As with any stimuli based on a restricted set of exemplars, our study was limited by using only one dancer. While the dancer was highly skilled, and danced freely in a contemporary style typical of many people today, factors specific to this dancer not controlled for in the experiment may have skewed our results. As Luck et al. (2010) showed, dancing reveals aspects of a dancers’ personality, and therefore may or may not engender empathy in an observer. The movements of our dancer, however professionally executed, could have created particular emotional and arousal responses in our participants, leading them to observe her differently from someone else. Future research must establish the extent to which our case-based findings can be generalized, notably with respect to possible interactions between the sex of observers and dancers (see, for example, Luck et al., 2012b). A further limitation of the study is the question of whether data obtained from passively observing dance can be extrapolated to explain data obtained from active engagement in dance. Earlier in this discussion, we propose that our findings support the conjecture of Woolhouse and Tidhar (2010) that their enhanced-memory finding was due to increased gaze times between in-tempo dancers. While our proposal is plausible given our results, it is questionable whether an eye-tacking study, done by participants sitting at a computer monitor, fully captures the dynamism of people dancing in groups. Requiring participants to tap in time to the music, as we did, will have undoubtedly created active physical entrainment, but until a study involving a head-mounted mobile eye-tracking system is employed in the context of group dancing this question remains open. Moreover, memory with respect to synchronous and asynchronous movement was not tested directly. Therefore, while suggesting that eye movements may account for memory effects observed in previous studies, we acknowledge that research investigating the existence of a firm causal link between the two has yet to be undertaken.
A significant aspect of our research has been to show how the combination of dance and music, two temporal art forms, significantly impact eye movements, revealing time-dependent cognitive processes relating to the integration of multisensory information and attention. We have identified a possible mechanism—increased gaze time—by which synchronous action may lead to increased person perception, interpersonal memory and, by extension, social bonding. More broadly, understanding the possible implications of this will undoubtedly involve exploiting technological advancements, in mobile eye-tracking devices for example, and through incorporating theories and findings from other rapidly expanding areas of entrainment research.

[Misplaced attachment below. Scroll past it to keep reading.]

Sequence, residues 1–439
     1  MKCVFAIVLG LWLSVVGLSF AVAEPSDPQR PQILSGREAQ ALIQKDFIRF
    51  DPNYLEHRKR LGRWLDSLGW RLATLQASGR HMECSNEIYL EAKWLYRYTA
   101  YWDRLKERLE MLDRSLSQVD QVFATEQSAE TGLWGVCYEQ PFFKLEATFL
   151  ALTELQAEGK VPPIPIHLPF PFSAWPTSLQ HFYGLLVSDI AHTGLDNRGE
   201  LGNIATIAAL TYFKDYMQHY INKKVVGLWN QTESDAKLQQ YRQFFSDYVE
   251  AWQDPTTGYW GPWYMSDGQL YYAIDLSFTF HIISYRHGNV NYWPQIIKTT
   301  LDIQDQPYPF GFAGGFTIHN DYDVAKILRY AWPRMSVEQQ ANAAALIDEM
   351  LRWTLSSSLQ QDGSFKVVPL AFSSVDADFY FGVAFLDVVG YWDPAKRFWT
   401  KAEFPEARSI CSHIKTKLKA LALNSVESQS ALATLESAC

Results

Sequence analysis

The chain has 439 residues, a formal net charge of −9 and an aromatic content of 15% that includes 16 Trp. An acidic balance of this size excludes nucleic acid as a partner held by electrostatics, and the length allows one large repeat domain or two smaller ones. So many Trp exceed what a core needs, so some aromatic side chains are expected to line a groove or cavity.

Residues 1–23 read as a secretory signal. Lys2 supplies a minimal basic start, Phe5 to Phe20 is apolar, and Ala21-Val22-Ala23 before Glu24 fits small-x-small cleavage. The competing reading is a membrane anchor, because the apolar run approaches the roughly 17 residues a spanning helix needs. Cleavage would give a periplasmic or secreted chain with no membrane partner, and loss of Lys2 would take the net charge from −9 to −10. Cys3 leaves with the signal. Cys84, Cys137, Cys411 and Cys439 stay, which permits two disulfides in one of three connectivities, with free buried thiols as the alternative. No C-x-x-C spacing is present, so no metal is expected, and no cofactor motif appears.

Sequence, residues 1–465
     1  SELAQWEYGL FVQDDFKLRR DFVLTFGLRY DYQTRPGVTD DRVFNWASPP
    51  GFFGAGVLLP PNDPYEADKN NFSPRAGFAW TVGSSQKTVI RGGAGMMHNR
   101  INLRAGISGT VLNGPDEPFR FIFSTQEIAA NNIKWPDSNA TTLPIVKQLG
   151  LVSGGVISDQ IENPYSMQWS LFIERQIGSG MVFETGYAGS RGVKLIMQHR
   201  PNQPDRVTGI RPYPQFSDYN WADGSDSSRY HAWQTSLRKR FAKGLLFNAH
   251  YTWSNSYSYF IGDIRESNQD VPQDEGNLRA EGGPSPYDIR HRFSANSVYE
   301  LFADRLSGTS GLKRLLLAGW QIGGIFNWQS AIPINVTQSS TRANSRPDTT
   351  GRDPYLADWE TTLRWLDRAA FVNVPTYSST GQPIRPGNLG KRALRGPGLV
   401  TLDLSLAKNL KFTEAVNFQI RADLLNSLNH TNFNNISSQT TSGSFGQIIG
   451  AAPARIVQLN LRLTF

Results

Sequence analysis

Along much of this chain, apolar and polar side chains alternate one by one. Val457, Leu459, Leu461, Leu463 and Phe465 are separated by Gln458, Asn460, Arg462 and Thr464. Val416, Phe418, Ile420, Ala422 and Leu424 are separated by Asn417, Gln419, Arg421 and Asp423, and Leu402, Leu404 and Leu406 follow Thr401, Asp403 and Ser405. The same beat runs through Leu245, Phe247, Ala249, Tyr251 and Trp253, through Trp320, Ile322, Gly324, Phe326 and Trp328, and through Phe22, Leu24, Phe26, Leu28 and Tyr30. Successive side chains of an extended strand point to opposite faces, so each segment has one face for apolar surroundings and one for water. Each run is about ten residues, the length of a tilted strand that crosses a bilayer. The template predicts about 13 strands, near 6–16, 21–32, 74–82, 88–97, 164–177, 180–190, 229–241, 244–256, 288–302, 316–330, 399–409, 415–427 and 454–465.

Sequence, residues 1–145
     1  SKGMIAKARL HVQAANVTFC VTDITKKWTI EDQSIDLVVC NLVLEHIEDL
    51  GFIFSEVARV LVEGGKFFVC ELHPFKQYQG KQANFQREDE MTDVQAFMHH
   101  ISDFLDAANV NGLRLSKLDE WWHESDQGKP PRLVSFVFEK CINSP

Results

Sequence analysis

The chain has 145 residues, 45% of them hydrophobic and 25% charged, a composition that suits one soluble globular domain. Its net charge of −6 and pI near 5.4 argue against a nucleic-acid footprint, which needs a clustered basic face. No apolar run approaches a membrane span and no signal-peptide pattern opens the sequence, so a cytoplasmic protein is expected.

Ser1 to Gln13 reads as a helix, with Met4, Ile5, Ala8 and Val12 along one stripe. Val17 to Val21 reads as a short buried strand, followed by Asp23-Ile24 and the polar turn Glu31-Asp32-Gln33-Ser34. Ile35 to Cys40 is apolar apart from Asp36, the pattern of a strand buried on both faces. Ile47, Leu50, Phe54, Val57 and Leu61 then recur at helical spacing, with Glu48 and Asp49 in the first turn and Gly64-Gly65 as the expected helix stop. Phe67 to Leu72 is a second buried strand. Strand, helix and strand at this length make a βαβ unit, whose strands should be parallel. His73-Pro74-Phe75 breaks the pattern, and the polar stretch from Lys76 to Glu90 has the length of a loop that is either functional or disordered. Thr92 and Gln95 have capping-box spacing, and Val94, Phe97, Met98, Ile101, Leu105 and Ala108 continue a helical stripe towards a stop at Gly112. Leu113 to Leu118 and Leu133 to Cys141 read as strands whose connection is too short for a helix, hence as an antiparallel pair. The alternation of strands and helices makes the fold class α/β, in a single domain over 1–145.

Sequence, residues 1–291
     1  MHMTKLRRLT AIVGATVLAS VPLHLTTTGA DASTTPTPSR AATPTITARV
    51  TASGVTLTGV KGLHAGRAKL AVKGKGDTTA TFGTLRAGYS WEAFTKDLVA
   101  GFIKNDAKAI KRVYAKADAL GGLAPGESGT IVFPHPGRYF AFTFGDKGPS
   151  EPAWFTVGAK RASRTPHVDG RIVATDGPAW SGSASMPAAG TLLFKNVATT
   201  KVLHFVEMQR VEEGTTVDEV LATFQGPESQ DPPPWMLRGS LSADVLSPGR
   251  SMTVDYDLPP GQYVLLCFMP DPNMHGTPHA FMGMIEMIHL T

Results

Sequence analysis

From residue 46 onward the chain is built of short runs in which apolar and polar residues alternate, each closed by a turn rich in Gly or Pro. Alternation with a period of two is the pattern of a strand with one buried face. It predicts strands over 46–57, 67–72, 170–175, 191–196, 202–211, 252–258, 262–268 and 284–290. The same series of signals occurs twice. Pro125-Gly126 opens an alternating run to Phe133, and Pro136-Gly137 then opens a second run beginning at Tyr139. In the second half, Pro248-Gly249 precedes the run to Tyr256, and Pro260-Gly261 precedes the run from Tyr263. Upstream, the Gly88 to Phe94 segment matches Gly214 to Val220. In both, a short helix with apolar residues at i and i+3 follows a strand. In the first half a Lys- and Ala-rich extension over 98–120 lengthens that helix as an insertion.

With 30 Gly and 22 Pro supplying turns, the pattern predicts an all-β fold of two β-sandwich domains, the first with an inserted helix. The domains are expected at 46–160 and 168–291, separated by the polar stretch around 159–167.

Conflict of Interest Statement
The authors declare that the research was conducted in the absence of any commercial or financial relationships that could be construed as a potential conflict of interest.
Our thanks go to the dancer in our study, Oksana Trushkevych of the Department of Physics, University of Warwick, UK, and to Lauren Hadley of Edinburgh University and Dan Tidhar of the Centre for Music and Science at Cambridge University, UK, for their assistance in creating the video of Ms. Trushkevych. We would like to acknowledge Kevin Ly and Nicholas Rogers of McMaster University, Canada, who helped process the eye-tracking data. Nick Rogers also assisted in the production of the images used in Figure 4. This research was supported with funding from the School of the Arts and the Arts Research Board of McMaster University.
The Supplementary Material for this article can be found online at: http://www.frontiersin.org/journal/10.3389/fnhum.2014.00965/abstract
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Keywords: music and dance, synchronization, entrainment, eye movements, person perception
Citation: Woolhouse MH and Lai R (2014) Traces across the body: influence of music-dance synchrony on the observation of dance. Front. Hum. Neurosci. 8:965. doi: 10.3389/fnhum.2014.00965
Received: 23 June 2014; Accepted: 12 November 2014;
Published online: 03 December 2014.
Edited by:Jessica Phillips-Silver, Georgetown University Medical Center, USA
Reviewed by:Chia-Jung Tsay, University College London, UK
Cyril Robert Latimer, University of Sydney, Australia
Copyright © 2014 Woolhouse and Lai. This is an open-access article distributed under the terms of the Creative Commons Attribution License (CC BY). The use, distribution and reproduction in other forums is permitted, provided the original author(s) or licensor are credited and that the original publication in this journal is cited, in accordance with accepted academic practice. No use, distribution or reproduction is permitted which does not comply with these terms.
*Correspondence: Matthew Harold Woolhouse, Digital Music Lab, School of the Arts, McMaster University, 428 Togo Salmon Hall, 1280 Main Street West, Hamilton, ON L8S 4M2, Canada e-mail: firstname.lastname@example.org